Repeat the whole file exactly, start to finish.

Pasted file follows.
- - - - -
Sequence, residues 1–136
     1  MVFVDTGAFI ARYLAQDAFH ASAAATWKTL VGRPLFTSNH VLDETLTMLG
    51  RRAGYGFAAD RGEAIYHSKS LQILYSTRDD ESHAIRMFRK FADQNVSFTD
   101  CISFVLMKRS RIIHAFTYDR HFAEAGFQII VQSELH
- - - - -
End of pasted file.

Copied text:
Sequence, residues 1–136
     1  MVFVDTGAFI ARYLAQDAFH ASAAATWKTL VGRPLFTSNH VLDETLTMLG
    51  RRAGYGFAAD RGEAIYHSKS LQILYSTRDD ESHAIRMFRK FADQNVSFTD
   101  CISFVLMKRS RIIHAFTYDR HFAEAGFQII VQSELH